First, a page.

This appears to be the smallest producer of NEI. Only 5% of the overall NEI is created by maintenance and storage.

WildernessPunk Suggestions:

  1. Use energy efficient transportation when buying food.
  2. Smaller more focused trips to the store help reduce food waste.
  3. Research which of your local stores are more eco-friendly.


Maintaining and Preparing Food:

For the average US citizen, electricity makes up 14% of their NEI. Refrigerators make up only 8.8% of this. So roughly 1.2% of our yearly NEI is created from refrigerator use. Which is probably one of the most reasonable uses of energy in our modern landscape. The best thing we can do to lower our NEI is to limit food waste (See: WildernessPunk Number One Thing). Interesting to note, refrigerator usage alone produces twice the NEI the average man in India creates with everything he does. Rutroo the Barbarian would like to remind us he used a cave …for everything.

Cooking food creates slightly less NEI than refrigerator use and is easier for us to avoid by purchasing more food which doesn’t need to be cooked.

WildernessPunk Suggestions:

  1. Keep refrigerator on a higher temperature.
  2. Be efficient when removing items.
  3. Try to compost food which gets too old to eat or feed it to animals.
  4. Try to avoid buying more than you can eat before the food goes bad.
  5. In most cases, give the expiration date on food an extra week or two. John Oliver had a great bit on this here.
  6. Eat food which requires less energy to prepare.
  7. Recycle time-saving products which are big energy wasters.
  8. Don’t invite Ballz or Zano to any of you BBQ’s/parties. This is a good rule of thumb, regardless of the topic.

Food Production is one of the hardest things for the average consumer to influence. Of course, limiting your meat intake is the best way to lower your contribution to our NEI. Producing as much or your own food as possible is also a strong play.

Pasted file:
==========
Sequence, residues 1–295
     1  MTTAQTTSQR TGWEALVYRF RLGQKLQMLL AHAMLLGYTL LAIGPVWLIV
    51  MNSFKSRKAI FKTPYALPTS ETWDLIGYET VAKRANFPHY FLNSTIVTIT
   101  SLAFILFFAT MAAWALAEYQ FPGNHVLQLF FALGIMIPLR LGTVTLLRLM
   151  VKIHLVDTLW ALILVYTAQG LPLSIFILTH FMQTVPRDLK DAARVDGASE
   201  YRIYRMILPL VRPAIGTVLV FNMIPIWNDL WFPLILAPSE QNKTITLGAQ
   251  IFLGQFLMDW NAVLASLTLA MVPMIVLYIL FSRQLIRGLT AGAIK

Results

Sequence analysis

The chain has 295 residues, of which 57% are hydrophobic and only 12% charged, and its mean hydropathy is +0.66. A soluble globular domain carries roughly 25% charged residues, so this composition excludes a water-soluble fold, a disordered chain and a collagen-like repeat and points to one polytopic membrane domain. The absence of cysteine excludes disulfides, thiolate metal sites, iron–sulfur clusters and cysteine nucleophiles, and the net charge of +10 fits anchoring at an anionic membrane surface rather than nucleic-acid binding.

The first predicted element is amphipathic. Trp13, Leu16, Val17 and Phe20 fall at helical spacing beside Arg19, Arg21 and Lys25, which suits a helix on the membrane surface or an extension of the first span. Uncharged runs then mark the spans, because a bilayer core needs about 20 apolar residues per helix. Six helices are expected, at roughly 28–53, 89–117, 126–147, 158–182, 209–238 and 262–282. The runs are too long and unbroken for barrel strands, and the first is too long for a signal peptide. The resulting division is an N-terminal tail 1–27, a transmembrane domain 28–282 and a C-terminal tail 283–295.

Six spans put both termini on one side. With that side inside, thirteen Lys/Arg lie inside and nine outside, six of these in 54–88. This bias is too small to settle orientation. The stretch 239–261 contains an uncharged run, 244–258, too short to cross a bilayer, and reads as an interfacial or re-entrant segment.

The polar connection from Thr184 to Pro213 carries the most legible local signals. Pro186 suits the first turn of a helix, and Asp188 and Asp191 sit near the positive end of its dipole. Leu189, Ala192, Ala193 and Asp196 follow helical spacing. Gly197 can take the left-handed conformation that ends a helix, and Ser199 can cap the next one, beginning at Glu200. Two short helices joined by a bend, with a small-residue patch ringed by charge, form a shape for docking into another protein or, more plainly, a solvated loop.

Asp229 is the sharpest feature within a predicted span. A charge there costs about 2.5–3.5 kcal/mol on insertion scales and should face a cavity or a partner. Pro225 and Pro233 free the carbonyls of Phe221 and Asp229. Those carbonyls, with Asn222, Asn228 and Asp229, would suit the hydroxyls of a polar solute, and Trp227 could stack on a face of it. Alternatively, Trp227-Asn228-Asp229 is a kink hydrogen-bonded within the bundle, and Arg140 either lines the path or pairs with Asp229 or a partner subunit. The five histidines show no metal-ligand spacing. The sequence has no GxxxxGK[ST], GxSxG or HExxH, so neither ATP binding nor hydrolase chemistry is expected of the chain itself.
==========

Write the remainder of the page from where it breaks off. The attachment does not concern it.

This may seem like a lot of info, but if we think of things as a national effort we could start to see huge improvements! If we as a country could produce 20% less NEI the effects would be staggering. Keep in mind, all these improvements will help the environment, our country, and our personal finances. What’s the alternative? Is there anymore of that caterpillar paste in the communal cauldron? Shit.


You can check out some of my fiction here, where Dak has to decide between is lover and his job, but will either choice be able to save them both?



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Alex Bone

Alex Bone

Alex Bone (Michael D. Griffiths) is a man who likes to keep busy, too bad it mostly involves cleaning squirrels. In the past, his writing has been published in numerous periodicals and anthologies sometimes even published by someone else. He was awarded first place in Withersin’s 666 contest, which he was told will later give him the Golden Ticket tour of the third plane of Hell. He is on the staff of The Daily Discord, Cyberwizard Productions, SFReader, and on the Board of Directors for the Society of Advanced Humans that Seek to Live as Viking Ninjas. His series The Chronicles of Jack Primus is available through Living Dead Press. After being bitten by a zombie, his attentions have turned toward the walking dead and he has begun a new Zombie Apocalypse series called the Eternal Aftermath. When he discovered that he was a cloned from Eric the Red’s DNA, he wrote the Science Fiction series Skinjumpers. Later while experimenting with strange fungus, he slipped into a Fantasy world ruled by the mad mage Dalsala Den.